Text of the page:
1. No call to action. Marketing today especially is about eliciting a measurable response. With limited time and resources, small businesses cannot waste any of them on branding. They need to have a call to action that gets prospects in their sales funnel. What is that first step in your sales cycle? What do you want your prospects to do once they find you? Is it subscribing to your email list? Filling out a form on your website? Calling for an appointment? This needs to be very clear in all your marketing. Unfortunately, most Super Bowl ads, do not have a call to action or more specifically a call to action that leads prospects down the path to purchase.

This year, however, I like two ads that have a direct call to action: Groupon and Stella Artois.


Tiffany Haddish gives a clear call to action: download the Groupon app.

 


Matt Damon implores you to buy a limited-edition Stella Artois Chalice which provides water to someone impacted by the global water crisis for 5 years.

2. No value to the customer. Super Bowl ads are more about being cute and getting talked about than delivering value to the customer. As a small business, you cannot afford to be cute and not make it clear to your customers what you do. As a society, our attention spans are getting shorter and shorter; the most effective marketing is to be direct about whom you serve and how you can help them.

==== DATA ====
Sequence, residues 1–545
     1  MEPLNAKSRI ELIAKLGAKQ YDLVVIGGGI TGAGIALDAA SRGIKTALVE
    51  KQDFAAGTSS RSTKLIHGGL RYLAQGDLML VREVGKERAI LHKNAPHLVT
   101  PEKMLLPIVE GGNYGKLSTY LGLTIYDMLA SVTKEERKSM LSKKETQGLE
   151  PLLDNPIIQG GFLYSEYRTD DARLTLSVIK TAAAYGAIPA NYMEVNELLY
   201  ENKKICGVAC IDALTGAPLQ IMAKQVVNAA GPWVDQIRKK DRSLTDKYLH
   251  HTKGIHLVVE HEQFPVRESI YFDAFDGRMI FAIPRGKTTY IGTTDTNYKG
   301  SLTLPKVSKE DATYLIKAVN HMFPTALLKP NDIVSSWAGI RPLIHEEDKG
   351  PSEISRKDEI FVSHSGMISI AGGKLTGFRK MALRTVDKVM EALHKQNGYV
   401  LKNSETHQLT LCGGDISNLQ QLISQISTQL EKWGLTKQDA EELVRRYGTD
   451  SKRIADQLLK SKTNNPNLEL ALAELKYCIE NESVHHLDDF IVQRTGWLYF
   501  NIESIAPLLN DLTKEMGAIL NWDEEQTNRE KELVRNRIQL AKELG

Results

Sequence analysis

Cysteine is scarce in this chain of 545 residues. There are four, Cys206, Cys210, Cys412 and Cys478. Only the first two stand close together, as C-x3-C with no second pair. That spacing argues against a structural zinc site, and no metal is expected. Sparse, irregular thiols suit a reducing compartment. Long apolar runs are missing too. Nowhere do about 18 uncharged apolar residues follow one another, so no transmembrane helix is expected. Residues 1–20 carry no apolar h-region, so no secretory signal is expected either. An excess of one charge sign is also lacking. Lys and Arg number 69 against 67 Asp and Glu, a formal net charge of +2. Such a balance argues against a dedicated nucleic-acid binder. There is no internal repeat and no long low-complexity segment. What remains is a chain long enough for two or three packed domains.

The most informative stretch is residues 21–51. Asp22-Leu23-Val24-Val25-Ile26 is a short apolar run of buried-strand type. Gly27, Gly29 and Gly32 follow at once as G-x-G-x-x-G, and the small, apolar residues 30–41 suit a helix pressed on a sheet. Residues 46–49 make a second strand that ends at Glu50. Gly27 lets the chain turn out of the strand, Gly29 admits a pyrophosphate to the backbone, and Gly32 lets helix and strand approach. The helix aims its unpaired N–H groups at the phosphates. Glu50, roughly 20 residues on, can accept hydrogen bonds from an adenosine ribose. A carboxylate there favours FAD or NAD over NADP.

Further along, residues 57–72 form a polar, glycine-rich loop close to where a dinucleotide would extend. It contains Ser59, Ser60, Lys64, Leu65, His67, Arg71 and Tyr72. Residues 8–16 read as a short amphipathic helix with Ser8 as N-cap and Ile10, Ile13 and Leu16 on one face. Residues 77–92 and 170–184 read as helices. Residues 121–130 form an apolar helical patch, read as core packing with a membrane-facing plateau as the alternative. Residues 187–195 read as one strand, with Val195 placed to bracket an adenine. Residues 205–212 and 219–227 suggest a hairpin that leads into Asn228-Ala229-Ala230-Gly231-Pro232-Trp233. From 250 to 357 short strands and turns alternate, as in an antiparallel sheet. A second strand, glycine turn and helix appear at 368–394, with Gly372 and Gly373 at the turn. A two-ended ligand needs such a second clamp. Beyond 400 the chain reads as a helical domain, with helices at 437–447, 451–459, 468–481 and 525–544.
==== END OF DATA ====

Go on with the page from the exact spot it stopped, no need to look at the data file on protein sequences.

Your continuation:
A good example from this year’s Super Bowl ads is Percil with honorable mention going to Febreeze.


There’s no question what Percil does. This is a good clear message.

3. No increase in sales. Often the most-loved ads do not improve the sales. Perhaps, the most-loved and favorite Super Bowl ad of all time featuring Mean Joe Greene was pulled after a few months by Coca-Cola because sales did not increase.

Unfortunately, this beloved ad did not help Coke sales.

Small businesses need to make sure there is a positive Return on Investment for every dollar spent marketing. Winning the ads on Super Bowl Sunday does not equate to winning sales. A smart small business owner should not be concerned with winning ad competitions, but rather sales competitions.

So by all means, enjoy the ads and the memes that spring from them. You can view them all here. However, please do NOT model your marketing after Super Bowl ads. Model your marketing with a good solid strategy that focuses on eliciting a measurable response.

Integration of Social Media

Now that social media is a key factor in business marketing for businesses of all sizes, I wanted to give some honorable mentions to those ads which do a good job incorporating social media. There are the occasional social media handles and hashtags at the end of some of the ads but this early Super Bowl commercial took it a step further.